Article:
There were several things that I thought were of particular importance:  That there were only two planes assigned to space and atmospheric studies.  At that particular time, one was in for repair.  He informed us that because other U.S. agencies also used these planes, it could be several years before they could use the plane again; the second piece of information was that our human activity and the burning of fossil fuels impacts the ozone.  From the time that carbon monoxide gas leaves the tail pipes of our cars, it takes 20 years to reach the ozone layer.  So, as we speak here today, and providing that we took this information seriously and we all stopped burning fossil fuels, we still have 20 years of pollutant on their way to the ozone.

The good news is that the ozone can, and will, repair itself if given a chance.  The “holes” are not actually holes but the ozone stretched so thin that it can not protect us from the killing rays of the sun.

The point of this story is that we were tracking this problem of ozone damage over twenty years ago, and even though we might realize the importance of it, we did not prioritize this problem beyond two science planes and several years between access to them.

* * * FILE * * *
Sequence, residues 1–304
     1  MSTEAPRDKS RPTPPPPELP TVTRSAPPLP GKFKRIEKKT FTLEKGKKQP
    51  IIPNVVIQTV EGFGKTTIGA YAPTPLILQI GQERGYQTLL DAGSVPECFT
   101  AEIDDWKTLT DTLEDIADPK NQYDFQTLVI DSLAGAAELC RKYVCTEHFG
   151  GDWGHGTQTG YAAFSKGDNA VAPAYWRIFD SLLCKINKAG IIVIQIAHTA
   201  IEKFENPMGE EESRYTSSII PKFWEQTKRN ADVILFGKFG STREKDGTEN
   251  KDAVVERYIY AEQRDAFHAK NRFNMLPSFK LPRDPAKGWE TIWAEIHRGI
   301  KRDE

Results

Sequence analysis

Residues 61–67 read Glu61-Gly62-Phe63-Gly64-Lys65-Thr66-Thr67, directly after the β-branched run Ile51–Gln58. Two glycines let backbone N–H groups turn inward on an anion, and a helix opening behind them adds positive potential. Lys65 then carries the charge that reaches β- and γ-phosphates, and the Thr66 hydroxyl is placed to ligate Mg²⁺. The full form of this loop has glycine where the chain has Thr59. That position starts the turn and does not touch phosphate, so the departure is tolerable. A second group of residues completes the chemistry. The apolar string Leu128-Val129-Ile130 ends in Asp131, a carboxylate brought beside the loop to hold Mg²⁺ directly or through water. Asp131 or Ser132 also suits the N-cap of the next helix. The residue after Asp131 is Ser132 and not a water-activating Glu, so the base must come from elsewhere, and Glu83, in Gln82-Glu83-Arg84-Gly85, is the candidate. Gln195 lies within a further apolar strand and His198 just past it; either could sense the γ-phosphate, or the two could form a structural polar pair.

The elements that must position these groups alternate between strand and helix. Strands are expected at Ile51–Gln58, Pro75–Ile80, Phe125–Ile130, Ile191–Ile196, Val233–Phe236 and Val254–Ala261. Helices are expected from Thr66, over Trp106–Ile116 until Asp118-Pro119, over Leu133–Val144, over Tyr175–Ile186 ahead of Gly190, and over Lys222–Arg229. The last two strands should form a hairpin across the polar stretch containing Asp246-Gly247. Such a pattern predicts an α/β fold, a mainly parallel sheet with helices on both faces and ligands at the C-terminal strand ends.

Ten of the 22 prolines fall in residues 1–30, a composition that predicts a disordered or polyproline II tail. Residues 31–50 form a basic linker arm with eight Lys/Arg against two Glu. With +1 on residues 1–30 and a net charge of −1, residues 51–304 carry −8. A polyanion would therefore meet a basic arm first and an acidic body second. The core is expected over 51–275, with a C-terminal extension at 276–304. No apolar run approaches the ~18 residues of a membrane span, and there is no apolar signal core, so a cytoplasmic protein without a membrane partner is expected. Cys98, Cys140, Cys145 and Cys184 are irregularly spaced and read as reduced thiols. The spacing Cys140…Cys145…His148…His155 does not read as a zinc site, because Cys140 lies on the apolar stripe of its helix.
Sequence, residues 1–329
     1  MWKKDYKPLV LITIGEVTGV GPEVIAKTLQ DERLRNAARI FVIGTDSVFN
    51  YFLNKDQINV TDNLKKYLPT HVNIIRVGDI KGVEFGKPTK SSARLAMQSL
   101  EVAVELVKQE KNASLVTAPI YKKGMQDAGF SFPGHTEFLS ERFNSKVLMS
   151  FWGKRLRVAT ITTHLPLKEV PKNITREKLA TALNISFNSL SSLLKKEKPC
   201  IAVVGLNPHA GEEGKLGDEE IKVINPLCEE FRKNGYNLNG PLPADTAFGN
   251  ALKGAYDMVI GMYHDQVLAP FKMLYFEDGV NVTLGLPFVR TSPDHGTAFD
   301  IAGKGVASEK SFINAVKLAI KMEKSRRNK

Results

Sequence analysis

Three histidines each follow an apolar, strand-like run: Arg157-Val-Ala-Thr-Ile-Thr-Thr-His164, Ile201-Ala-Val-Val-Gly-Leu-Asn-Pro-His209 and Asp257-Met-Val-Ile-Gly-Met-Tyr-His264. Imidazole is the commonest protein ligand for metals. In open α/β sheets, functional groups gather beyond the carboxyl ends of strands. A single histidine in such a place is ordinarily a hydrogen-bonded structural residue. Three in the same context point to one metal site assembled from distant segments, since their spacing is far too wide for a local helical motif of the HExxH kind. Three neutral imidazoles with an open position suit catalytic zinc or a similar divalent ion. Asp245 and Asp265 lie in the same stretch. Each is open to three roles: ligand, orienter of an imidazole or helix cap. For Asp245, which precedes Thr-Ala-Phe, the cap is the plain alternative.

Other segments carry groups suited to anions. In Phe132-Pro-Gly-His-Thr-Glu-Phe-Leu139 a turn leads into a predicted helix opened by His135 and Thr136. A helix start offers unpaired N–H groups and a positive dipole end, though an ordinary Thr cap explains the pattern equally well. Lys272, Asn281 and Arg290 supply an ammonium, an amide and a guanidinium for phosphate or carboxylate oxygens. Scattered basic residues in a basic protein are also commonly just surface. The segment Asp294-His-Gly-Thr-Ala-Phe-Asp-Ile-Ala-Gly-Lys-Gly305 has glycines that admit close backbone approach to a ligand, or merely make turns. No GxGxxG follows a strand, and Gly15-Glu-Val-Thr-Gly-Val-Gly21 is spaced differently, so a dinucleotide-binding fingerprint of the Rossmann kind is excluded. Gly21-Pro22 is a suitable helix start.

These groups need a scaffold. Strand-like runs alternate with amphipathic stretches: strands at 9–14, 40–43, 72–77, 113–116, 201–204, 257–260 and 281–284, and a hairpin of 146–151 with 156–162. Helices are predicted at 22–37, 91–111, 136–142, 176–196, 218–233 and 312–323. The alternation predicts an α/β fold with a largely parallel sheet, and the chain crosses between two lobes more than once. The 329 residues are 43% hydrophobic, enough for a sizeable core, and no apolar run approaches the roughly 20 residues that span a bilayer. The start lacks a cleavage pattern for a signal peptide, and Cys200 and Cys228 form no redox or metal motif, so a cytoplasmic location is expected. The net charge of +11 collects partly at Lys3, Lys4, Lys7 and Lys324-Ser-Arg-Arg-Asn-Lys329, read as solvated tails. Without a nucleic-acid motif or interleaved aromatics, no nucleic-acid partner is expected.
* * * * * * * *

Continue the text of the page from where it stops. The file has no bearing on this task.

Most obvious is that we must pay more attention to the forces of nature and how we are affecting the earth.  How do our activities interact with the laws of nature?  We must understand the differences of human societies’ jurisdictions and the jurisdictions of nature.  Nature has the prevailing laws – laws that we defy at our own peril.

Indigenous nations, in our own defense, worked with the United Nations to establish our peoples as equal to all peoples of the earth with the same human rights established by the universal declaration of human rights on December 10, 1948 by the General Assembly of the United Nations (UDHR). Our efforts culminated with the adoption of the Declaration of the Rights of Indigenous Peoples at the 107th plenary meeting on September 13, 2007 by the General Assembly of the United Nations (61/295). 147 countries voted to adopt the document; 11 countries abstained.  Australia, Canada, New Zealand and the United States voted against it.

Since that time Australia voted for it and formally apologized to the Aboriginal peoples. New Zealand followed, then Canada; and, finally the United States – with qualified support.  We now join the peoples of the world in the common cause of human survival.  The dynamics of life are in flux.  As I mentioned before, our survival is dependent upon our ability to work together for the common good and future generations.  We must get things right.

One thing that I have learned about business is that it can be very flexible and change course on a dime.  Governments, on the other hand, are often slow to respond to issues that we face as peoples.  Business as usual is over.  Time has now become a primary factor.